Crete Pilgrimage 2016 - Day 23

Greece - the Forgotten Anzacs at Vevi and Olympus Pass


We left Thessaloniki and headed west to the village of Vevi, quite close to the northern border of Greece. Here in early 1941 a handful of poorly prepared Australian and New Zealand troops faced the best of the German military in the first Anzac action of the war. The Australians at Vevi were lucky to escape by heading south, on foot. The Anzacs were chased all the way south through Greece until most were evacuated at Athens and surrounding ports. Most were taken to Crete, where they again faced the best of German forces.

From Vevi we travelled south passing Ptolemaida and stopping for lunch at the hilltop village of Neraida. Here a street full of cafes looks down on a long narrow lake held behind a dam and power station. After lunch lookin out on this scene, we crossed over the curved bridge that arcs over the lake and then swung east towards Mt Olympus. On the northern flanks of Olympus Pass the New Zealand 22 Battalion successfully held up the German armoured columns, allowing the Anzac forces north and west of Olympus to retreat to safety. We then went east out to the coast to our hotel for the night, the Dion Palace.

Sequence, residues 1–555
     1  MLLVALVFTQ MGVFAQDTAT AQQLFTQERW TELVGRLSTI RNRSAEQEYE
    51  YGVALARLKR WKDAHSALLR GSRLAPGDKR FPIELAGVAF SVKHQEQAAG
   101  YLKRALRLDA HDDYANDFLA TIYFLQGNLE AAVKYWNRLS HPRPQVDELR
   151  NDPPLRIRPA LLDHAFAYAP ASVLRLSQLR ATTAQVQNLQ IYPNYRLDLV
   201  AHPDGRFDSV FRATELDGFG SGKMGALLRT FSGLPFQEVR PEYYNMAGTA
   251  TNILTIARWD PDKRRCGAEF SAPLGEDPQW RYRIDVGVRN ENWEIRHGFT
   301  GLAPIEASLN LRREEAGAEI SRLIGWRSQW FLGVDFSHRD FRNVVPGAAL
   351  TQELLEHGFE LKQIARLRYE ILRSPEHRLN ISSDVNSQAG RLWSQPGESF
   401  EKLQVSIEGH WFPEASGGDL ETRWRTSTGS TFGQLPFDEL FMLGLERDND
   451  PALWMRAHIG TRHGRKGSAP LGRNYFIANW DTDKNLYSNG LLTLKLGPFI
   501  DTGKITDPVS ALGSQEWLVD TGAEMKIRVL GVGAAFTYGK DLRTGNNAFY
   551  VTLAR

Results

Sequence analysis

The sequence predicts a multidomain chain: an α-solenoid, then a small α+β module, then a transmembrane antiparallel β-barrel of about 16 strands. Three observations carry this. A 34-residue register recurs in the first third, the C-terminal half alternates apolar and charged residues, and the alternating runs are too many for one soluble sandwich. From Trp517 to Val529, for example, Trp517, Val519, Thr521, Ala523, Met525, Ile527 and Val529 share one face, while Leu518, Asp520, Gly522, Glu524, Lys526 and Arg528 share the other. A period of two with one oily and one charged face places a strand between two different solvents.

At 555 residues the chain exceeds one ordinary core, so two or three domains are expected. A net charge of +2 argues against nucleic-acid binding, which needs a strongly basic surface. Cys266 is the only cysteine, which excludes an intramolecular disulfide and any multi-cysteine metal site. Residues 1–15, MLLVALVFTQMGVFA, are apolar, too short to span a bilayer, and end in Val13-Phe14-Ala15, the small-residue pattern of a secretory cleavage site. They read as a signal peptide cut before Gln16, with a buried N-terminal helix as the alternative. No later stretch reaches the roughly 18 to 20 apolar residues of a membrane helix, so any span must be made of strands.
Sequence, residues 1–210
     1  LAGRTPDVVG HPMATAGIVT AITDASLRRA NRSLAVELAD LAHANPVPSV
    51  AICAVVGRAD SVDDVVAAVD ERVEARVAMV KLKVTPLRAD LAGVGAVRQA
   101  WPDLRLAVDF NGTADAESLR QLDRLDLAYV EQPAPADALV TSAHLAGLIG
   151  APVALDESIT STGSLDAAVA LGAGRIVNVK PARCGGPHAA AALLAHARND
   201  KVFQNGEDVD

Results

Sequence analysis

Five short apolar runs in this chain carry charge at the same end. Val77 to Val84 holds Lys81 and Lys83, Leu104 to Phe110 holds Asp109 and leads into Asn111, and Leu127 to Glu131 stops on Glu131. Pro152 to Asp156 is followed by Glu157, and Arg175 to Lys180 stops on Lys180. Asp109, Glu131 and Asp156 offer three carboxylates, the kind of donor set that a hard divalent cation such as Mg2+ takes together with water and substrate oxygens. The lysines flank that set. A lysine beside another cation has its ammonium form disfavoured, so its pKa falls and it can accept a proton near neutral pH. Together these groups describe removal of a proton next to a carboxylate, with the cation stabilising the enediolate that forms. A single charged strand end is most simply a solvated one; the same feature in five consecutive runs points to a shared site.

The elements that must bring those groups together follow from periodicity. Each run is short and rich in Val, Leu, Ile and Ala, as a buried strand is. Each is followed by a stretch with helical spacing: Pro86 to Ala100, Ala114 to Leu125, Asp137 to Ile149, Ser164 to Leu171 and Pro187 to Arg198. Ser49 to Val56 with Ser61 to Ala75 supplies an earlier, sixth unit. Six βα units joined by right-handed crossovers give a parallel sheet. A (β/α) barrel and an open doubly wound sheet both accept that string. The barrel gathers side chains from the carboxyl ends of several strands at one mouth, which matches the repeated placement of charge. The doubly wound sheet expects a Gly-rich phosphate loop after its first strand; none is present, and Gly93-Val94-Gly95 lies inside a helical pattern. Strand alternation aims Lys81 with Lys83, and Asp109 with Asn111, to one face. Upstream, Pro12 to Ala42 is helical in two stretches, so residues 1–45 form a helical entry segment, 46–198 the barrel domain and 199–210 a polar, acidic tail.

Petrol is €1.379 per litre
Could be a rural area anywhere in the world
I wonder if the Greek trains run to time? I wonder if they run at all?
Well the track is shiny so something runs on them!
Coal-fired power station
Just above the town of Vevi looking west
Small shrine at the road junction
Even the road signs are slow to change - Yugoslavia disinegrated years ago.
Open cast coal mine for the power stations
Lots of poppies in the fields
The turnoff to Neraida and lunch.
The local church
View of the lake looking towards the dam and power station
The Balconi Cafe, one of many looking out over the lake
Lunch with a view
Where we dined
Or just a flop!
Back on the coach and across the bridge!

Olympus Pass

The defence of Olympus Pass was the New Zealand 5th Division's first contact with German forces in 1941. They were well dug into the Pass and held a strong position, rebuffing the German forces in their first contact. But the Germans had managed to outflank the Allies through Vevi and the Pass was soon abandoned for another strong position further south.

Our coach climbed up Olympus Pass from the south, the road today is narrow and winding but is in much better state than the cart track in 1941. We stopped at the village just beyond the Pass and here met a local who remembered the New Zealanders being here in 1941.

Heading towards Mt Olympus
The road climbs up through the saddle
Ktima Bellou Farm Hotel
The village of Agios Dimitrios
Entering the village of Foteina on the northern flank of Mt Olympus
We stopped in the middle of Foteina to discuss events
where we were joined by a local man who remembered the New Zealand soldiers from 1941
Then it was on to our hotel, the Dion Palace.

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Last updated: 31/05/2017